Legal Hemp varies from country to country and depends on a few factors: possession, distribution, cultivation, mode and reason for consumption, particularly if the latter involves medical and curative uses.
In 1996, California became the first state in the world to allow Legal Hemp for medicinal purposes after the prohibition period. Today, cannabis is considered legal in several countries, but regulations vary widely depending on its use: agricultural, medicinal, or recreational.
Countries where Legal Hemp exists : medicinal use and agricultural use
Countries to have legalized the medical/scientific use of cannabis are: Australia, Canada, Chile, Colombia, Germany, Greece, Israel, Italy, the Netherlands, Peru, Poland, and the United Kingdom. In the United States, 31 federal states have made the therapeutic use of the plant legal.
Recently, medical cannabis was removed from Schedule IV (the most restrictive, in which substances such as heroin and cocaine are found), precisely because of its therapeutic uses. The UN then officially recognized its medicinal properties in a vote cast in Vienna by member states at the UN Commission on Narcotic Drugs (CND), which voted on the World Health Organization’s (WHO) six recommendations, including the declassification of medical cannabis from the infamous table.
This historic decision will surely open up new global scenarios of legalization for the purpose of scientific research.
Agricultural use involves in Italy and other countries the consumption, production and trade of Cannabis sativa L., the scientific name for the hemp plant of the sativa variety, carefully selected not to cause narcotic effects, even if ingested or inhaled. This type of Legal hemp, called “Cannabis light” thus contains very low amounts of delta-9-tetrahydrocannabinol (THC) and a high percentage of cannabidiol (CBD). It is generally used to reduce environmental impact in agriculture, produce industrial, craft and food supplies, and much more.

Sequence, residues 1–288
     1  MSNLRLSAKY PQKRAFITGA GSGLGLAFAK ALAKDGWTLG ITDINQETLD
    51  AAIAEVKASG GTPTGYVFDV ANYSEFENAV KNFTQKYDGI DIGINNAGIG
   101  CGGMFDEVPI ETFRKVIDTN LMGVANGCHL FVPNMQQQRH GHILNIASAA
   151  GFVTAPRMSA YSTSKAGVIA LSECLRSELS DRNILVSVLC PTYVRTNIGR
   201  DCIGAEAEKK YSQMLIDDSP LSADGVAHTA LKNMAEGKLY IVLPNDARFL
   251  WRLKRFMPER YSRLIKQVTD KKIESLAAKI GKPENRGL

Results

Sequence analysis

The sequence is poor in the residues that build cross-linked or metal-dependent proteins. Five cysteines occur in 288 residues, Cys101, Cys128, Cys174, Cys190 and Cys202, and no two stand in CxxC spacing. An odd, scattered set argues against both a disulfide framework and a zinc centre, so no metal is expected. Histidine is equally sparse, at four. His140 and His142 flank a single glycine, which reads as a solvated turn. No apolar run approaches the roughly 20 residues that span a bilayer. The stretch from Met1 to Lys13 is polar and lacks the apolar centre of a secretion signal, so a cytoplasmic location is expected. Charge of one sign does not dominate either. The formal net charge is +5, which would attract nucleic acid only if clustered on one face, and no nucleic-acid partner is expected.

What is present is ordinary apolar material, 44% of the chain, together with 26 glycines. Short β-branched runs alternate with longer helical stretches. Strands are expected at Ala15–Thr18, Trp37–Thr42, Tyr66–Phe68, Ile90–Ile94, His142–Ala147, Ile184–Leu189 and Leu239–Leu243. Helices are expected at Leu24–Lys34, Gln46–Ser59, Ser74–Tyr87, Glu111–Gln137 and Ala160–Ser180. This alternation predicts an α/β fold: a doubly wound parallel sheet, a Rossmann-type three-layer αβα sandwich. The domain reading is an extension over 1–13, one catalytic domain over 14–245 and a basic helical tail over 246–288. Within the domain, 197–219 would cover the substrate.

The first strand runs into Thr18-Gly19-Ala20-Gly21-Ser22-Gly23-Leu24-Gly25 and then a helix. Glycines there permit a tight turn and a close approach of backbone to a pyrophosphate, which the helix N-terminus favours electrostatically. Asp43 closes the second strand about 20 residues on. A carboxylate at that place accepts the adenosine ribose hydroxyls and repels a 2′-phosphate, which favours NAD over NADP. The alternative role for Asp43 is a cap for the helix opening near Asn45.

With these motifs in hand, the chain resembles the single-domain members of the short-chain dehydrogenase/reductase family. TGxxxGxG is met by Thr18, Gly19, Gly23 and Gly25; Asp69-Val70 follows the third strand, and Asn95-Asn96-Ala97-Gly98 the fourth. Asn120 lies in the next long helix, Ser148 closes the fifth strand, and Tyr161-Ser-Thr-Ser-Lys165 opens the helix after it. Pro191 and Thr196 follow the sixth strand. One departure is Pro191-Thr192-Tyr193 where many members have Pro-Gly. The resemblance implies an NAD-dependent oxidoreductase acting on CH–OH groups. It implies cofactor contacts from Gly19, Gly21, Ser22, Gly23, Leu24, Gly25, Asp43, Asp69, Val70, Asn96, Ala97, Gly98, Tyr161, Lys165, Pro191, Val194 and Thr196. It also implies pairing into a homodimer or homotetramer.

Recreational use of Legal Hemp. Between legality and prohibition
Recreational purposes are the most difficult for most countries around the world to accept and regulate. Its effects rely on high THC content and depend less on the type of hemp (sativa or indica) than on subjective factors. Recreational cannabis use is still subject to strong prohibition; however, legal hemp , which is used for its relaxing, anti-inflammatory and calming properties, can also be traced to this area of use.
Countries that have made recreational sales and consumption completely legal include Canada, which enacted specific legislation on October 17, 2018. In Uruguay, recreational cannabis has been legal since 2013: any person over the age of 18, after registering with a specific consumer registry, can freely use it. In the United States, despite being illegal at the federal level, recreational consumption and sale is legal in some states, such as Oregon, Nevada, California, Alaska, Washington, Colorado, and Columbia. In countries where there is no ad hoc legislation, such as Bangladesh, the consumption, production, and sale of cannabis appears to be totally legal.
Then there are many countries in which consumption is only partially legal. The Netherlands, world-famous as the home of free consumption, was, yes, the first to introduce a tolerant policy toward consumers (January 1, 2001), but this tolerance is limited to coffee shops, outside of which cannabis continues to be considered illegal and possession of a quantity greater than 5 grams is a crime. Spain takes measures not dissimilar to those in the Netherlands, legalizing the use and sale of cannabis only in certain designated premises. In Portugal, on the other hand, possession is legal, but buying and selling is prohibited. In the Czech Republic, selling is prohibited, while personal use and cultivation is generally tolerated up to a maximum of 15 grams. Personal use is also permitted in Germany, while buying and selling is prohibited.
In most Latin American countries, possession and use are not illegal, but particular aspects and practices are penalized, e.g., group use in Chile; in Mexico, use and cultivation are punishable unless special permits are obtained; in Brazil, there is a clear distinction between traffickers and users, etc.
Finally, among permissible recreational uses, we can mention uses in religious settings (ceremonies, rituals, liturgies, etc.) in countries such as India and Jamaica.